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A guided tour of the physical Internet, as seen on, above, and below the city’s streets
What does the Internet look like?
It’s the single most essentail aspect of modern life, and yet, for many of us, the Internet looks like an open browser, or the black mirrors of our phones and computers. But in Networks of New York, Ingrid Burrington lifts our eyes from our screens to the streets, showing us that the Internet is everywhere around us, all the time—we just have to know where to look.
Using New York as her point of reference and more than fifty color illustrations as her map, Burrington takes us on a tour of the urban network: She decodes spray-painted sidewalk markings, reveals the history behind cryptic manhole covers, shuffles us past subway cameras and giant carrier hotels, and peppers our journey with background stories about the NYPD's surveillance apparatus, twentieth-century telecommunication monopolies, high frequency trading on Wall Street, and the downtown building that houses the offices of both Google and the FBI's Joint Terrorism Task Force.
From a rising star in the field of tech jounalism, Networks of New York is a smart, funny, and beautifully designed guide to the endlessly fascinating networks of urban Internet infrastructure.
The Internet, Burrington shows us, is hiding in plain sight.
About the Author
Ingrid Burrington writes about the Internet, politics, and art, and has been published in The Atlantic, The Nation, ProPublica, San Francisco Art Quarterly, Dissent, and elsewhere. She’s given talks at conferences both in the U.S. and abroad, and her art has been exhibited in galleries in New York, Tokyo, Leipzig, Baltimore, Philadelphia, and many other cities. She lives in Brooklyn, and @lifewinning.
“Ingrid Burrington is the premier infrastructure writer in America.” —Ross Andersen, Senior Technology Editor, The Atlantic
“A playful, approachable handbook...its goal is to demystify components of New York City's physical internet: not only those spray-painted street messages, but also manhole covers, junction boxes, cable routers and entire buildings whose primary purpose is to do the hidden work of making a wired modern city run.” —The Wall Street Journal
“A naturalist style guide to what you can see of New York City’s internet infrastructure...Anybody can see the objects and markings that Burrington points out...but after going through Burrington’s book, they can understand better how they describe the way we keep in touch now.”—The Observer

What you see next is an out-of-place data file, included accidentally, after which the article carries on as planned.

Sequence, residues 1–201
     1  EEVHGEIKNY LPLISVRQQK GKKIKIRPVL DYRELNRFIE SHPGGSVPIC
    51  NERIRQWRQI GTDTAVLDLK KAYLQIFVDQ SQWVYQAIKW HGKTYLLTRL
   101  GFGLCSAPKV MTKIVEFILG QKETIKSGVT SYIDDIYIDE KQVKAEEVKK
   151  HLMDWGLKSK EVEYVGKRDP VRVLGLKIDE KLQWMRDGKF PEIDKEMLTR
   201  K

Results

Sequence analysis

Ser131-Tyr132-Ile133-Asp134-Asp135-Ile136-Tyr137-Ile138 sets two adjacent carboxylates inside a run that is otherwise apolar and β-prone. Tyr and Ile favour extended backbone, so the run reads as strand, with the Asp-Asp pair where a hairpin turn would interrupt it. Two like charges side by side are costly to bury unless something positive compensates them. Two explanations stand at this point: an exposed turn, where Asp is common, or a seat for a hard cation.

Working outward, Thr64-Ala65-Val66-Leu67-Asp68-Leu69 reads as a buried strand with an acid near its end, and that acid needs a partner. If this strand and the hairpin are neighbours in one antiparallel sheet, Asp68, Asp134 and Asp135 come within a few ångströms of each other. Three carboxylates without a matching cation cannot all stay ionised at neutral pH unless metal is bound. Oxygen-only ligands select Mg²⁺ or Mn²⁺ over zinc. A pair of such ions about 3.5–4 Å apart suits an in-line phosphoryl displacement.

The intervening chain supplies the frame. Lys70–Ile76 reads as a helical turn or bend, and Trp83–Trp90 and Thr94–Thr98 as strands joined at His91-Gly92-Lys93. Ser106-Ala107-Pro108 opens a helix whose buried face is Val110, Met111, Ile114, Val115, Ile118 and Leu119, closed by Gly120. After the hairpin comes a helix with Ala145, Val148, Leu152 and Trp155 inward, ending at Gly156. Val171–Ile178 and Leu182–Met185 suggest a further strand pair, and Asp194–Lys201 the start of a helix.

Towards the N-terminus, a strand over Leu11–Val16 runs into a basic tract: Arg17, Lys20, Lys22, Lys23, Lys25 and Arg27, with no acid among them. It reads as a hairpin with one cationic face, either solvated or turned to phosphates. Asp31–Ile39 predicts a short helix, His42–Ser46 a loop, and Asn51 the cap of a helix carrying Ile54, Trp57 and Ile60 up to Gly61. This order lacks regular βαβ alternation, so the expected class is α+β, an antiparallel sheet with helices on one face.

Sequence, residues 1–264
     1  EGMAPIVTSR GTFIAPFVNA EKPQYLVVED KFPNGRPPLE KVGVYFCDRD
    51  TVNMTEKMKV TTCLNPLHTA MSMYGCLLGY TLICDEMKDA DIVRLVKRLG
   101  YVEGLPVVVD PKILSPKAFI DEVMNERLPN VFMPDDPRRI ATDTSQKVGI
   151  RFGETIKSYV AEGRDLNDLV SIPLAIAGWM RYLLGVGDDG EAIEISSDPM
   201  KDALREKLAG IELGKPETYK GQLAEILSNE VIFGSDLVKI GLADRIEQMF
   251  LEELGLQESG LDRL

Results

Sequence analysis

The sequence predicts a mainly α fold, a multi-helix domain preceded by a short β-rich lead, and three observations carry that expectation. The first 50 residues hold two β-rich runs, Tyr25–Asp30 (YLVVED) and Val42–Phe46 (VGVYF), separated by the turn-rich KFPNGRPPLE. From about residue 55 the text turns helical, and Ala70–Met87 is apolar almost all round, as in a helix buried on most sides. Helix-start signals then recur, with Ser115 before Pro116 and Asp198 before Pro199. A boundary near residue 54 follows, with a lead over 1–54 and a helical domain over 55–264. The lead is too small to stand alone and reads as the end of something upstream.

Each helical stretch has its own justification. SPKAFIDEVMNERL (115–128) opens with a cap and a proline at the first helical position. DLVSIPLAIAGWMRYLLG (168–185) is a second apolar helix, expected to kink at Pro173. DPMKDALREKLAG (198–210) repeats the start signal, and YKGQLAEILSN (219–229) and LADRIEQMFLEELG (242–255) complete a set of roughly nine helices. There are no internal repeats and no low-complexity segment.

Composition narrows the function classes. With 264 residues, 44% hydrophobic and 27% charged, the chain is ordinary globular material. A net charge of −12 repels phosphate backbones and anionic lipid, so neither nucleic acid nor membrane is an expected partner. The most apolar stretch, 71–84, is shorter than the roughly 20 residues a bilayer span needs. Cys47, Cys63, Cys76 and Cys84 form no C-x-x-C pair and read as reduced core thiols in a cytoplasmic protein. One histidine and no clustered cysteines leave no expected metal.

“A slim, pocket-size volume that an amateur cable-spotter can use to decode the city's secret telecommunications infrastructure.”—New York
“Designed to make the internet tangible...turns the infrastructure into something ordinary and familiar, not intimidating, and not some magical process.”—The Intercept
“Sketches the physical extrusions of the internet into New York City's streets and buildings, [making] especial note of how much of that infrastructure has been built as part of the post 9/11 surveillance network.” —Cory Doctorow, Boing Boing
“A field guide for city dwellers.”—BBC
“[A] delightful guide to the many facets of the internet that are hidden in plain view...Beyond the curiosity, identifying these objects and their relationships to each other is a good frame to use for understanding the complex histories of New York’s communication systems.”—Gizmodo
“Maps the complex world of telecommunications in New York City, revealing hidden pieces of the internet embedded throughout the city’s fabric.”—Atlas Obscura
“Allows you to see the spray paint, manhole covers and other markings that make up the tech network map.”—Metro New York
“A handy little book...that shares some of what Burrington has learned about the physicality of the internet simply by walking through the city and paying attention to what’s going on underground, at the surface, and over our heads.”—Inside Higher Ed
“Like a birdwatcher's guide for IT...[Networks of New York] maps out a world of technology hidden in plain sight.”—Inverse
“Burrington changed the way I see New York. From spray-painted symbols on the streets to cables cross-hatched underground, this book reveals the cryptic systems that structure city life.” —Kate Crawford, MIT Center for Civic Media
“Burrington shows us how to read the subtle clues within the urban landscape that reveal the geography of connectedness—and she helps us understand the political and social implications of this infrastructure. I’ll never look at a telecom manhole cover the same way again.” —Lize Mogel, coeditor of An Atlas of Radical Cartography